U.S. immigration law is strict about who can and cannot live and work in the United States lawfully, so it is critical to understand how the process works and what it entails.
Family member priority
The U.S. government prioritizes immediate relatives of U.S. citizens and allows an unlimited number of green cards for immediate family members. Green cards are immigrant visas designed to enable qualified individuals to live and work in the United States and, in some cases, provide them a path to U.S. citizenship.
For a foreign national to qualify for immigration as an immediate family member of a U.S. citizen, the U.S. citizen relative must provide sponsorship and file a petition with U.S. Citizenship and Immigration Services (USCIS). In addition, the U.S. citizen must be:
- At least 21 years of age
- A U.S. Citizen or U.S. Lawful Permanent Resident
Who qualifies as an immediate family member?
A common question family members of U.S. citizens have is who specifically qualifies as an immediate family member of a U.S. citizen. Understanding this is essential because it differs from what many people would expect. For example, siblings of a U.S. citizen do not fall under the same category that the spouse of a U.S. citizen does.
For purposes of immigration, immediate family members of U.S. citizens are:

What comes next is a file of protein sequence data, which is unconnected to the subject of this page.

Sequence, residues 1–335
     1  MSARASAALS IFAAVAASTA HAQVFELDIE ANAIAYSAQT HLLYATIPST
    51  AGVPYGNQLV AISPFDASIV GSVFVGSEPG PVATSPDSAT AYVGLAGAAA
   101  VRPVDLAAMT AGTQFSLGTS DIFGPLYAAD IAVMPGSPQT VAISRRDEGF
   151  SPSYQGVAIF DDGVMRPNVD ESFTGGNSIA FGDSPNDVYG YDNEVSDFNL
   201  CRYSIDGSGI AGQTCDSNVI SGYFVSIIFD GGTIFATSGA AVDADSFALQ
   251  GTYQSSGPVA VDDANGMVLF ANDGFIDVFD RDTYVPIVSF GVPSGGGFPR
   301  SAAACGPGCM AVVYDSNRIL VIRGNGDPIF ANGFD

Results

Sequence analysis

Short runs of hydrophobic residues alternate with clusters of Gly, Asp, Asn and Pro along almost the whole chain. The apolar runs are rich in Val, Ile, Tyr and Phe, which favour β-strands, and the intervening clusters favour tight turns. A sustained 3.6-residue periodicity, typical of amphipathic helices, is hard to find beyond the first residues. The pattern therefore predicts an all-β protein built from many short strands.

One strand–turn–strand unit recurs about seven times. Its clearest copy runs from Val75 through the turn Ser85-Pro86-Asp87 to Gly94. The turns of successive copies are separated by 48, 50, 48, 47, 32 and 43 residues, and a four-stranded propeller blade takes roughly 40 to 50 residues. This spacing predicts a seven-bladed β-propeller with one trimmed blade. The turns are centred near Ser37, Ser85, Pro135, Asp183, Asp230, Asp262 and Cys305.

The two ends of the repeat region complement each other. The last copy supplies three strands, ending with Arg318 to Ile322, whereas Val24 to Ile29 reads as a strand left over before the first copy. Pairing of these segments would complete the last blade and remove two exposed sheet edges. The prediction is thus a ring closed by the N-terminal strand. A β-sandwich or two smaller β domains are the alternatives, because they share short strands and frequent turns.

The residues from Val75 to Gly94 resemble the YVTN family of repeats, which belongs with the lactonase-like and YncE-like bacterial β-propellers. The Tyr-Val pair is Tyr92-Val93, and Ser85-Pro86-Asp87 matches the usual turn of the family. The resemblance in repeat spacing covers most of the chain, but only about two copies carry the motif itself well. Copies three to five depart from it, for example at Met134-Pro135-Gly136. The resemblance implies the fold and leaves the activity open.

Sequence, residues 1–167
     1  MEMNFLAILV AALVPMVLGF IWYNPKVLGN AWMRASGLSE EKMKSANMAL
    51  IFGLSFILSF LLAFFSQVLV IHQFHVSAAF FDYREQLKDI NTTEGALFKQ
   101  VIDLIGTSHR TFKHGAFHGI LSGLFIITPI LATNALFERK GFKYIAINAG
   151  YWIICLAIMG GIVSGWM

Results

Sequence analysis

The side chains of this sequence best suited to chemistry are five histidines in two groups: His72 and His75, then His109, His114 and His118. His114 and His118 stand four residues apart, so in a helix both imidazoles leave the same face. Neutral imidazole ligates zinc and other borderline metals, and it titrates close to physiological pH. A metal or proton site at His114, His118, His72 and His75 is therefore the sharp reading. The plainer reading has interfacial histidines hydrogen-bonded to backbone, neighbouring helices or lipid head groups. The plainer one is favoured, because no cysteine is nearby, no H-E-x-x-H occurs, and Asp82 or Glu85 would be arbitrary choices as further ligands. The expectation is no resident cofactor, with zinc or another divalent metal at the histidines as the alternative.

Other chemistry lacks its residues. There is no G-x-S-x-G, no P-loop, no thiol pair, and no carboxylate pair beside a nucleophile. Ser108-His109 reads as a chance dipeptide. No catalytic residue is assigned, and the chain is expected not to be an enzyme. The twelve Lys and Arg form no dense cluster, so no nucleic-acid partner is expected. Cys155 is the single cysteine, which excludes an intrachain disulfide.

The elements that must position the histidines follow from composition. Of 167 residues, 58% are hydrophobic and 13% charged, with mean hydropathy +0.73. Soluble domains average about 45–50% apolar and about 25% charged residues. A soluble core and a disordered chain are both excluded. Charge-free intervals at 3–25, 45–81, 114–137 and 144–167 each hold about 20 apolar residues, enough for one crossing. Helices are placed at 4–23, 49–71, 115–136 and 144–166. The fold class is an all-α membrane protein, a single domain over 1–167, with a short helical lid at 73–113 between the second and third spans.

- The spouse of a U.S. citizen, including same-sex couples whose marriage is legal in the country where it occurred.
- Widows and widowers of U.S. citizens
- Parents of U.S. citizens, if the citizen is over 21.
- Stepparents and stepchildren, if the marriage that created the legal stepparent or stepchild relationship occurred before the child turned 18.
- Children and parents related through adoption if the adoption happened before the child turned 16.
- Fiancés of U.S. citizens are also eligible, although the process is slightly different; the visa type and rules can also differ depending on whether the fiancé is currently in the United States or abroad.
Other family members
Other family members of U.S. citizens or permanent residents are eligible for green cards. However, there is a limit on the number of green cards for these applicants. These individuals are usually farther removed from the U.S. citizen in their familial relationship, such as siblings of U.S. citizens and other family members.
The immigration process can be complex and difficult to navigate, especially with constantly evolving laws and regulations. Staying informed on current laws and updates to them is critical to having a smooth immigration application process.